Government IT costs edged down by 8.5 per cent across the nine biggest Whitehall spenders to £4.3bn for 2013/14 compared with the previous year.
Back office systems account for the lion's share of running costs, with more than 80 per cent of IT budgets going on this area, according to El Reg's analysis of government spending data.
More ReadingMoD splashes £1.5bn on 10-year IT deal to 'keep pace with threats'Hold on to your hats people, the MoD's found the cloudSo, you know those exciting movie-style 3D visual cyber attack ops centres?BP: Oil prices crashed, so must our ICT budgetGDS: We might miss our digi-goal. Quick, MAKE IT BIGGER
The Cabinet Office hopes to slash central government IT spend by breaking up a number of the large Whitehall contracts starting to expire next year.
However, separate research seen by The Register from analyst firm TechMarketView estimates that IT spend across central government will decrease just seven per cent by 2017 – to £4.5bn.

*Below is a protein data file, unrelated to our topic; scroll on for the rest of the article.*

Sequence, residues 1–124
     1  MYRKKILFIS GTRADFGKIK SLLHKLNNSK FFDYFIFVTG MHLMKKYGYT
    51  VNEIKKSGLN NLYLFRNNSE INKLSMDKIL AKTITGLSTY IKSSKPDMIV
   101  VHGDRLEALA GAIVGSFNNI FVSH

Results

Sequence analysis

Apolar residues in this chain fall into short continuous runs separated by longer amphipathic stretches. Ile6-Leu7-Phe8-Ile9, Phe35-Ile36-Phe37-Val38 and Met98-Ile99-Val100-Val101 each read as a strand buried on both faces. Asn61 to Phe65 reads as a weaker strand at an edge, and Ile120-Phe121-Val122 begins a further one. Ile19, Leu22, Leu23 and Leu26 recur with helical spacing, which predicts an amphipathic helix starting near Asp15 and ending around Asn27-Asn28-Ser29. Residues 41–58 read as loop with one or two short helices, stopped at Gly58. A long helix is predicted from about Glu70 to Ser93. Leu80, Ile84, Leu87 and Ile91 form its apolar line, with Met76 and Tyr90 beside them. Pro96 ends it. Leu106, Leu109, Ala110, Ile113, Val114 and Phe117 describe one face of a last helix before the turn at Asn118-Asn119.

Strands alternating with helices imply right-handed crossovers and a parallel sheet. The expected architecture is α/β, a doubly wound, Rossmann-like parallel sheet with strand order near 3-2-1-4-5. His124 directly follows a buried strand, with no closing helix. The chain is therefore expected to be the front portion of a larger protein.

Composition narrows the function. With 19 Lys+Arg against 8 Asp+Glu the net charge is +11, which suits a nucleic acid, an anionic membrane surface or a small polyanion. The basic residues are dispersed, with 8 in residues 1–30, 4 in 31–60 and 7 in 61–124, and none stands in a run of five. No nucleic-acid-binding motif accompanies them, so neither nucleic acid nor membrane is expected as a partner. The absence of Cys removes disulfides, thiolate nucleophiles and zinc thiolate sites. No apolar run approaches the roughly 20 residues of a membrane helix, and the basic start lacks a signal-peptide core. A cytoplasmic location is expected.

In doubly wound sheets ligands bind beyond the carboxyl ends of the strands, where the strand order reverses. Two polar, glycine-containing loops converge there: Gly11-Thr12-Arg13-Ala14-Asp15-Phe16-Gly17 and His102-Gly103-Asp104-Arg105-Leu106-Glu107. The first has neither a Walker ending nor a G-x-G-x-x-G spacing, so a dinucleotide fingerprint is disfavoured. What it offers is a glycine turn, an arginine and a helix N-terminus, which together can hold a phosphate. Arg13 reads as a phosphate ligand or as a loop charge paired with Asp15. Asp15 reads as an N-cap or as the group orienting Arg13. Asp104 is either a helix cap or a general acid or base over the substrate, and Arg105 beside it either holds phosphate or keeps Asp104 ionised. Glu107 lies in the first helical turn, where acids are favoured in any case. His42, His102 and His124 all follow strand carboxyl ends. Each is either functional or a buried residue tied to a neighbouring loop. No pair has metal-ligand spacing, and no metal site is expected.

The firm found that spend across the whole of Whitehall totalled £4.85bn for 2013 - minus the government's biggest IT spender, the Ministry of Defence.
Last year the MoD spent £1.8bn on IT running costs - down £100m on the previous year.
It appears that HMRC cut the most, with running costs down 19 per cent to £604m, followed by the Department for Transport, which cut costs by 28 per cent to £98m.
But three of the nine departments increased their IT spend over the period. Running costs increased seven per cent at the Home Office to £605m, while costs increased 16 per cent at the Commonwealth Office to £86m. Spend was up 12 per cent at the department for Business, Innovation and Skills – to £93m.
Earlier this year, research from TechMarketView found that half of the top 20 software and IT services (SITS) suppliers to UK.gov saw their public sector business decline due to Cabinet Office spending reforms. ®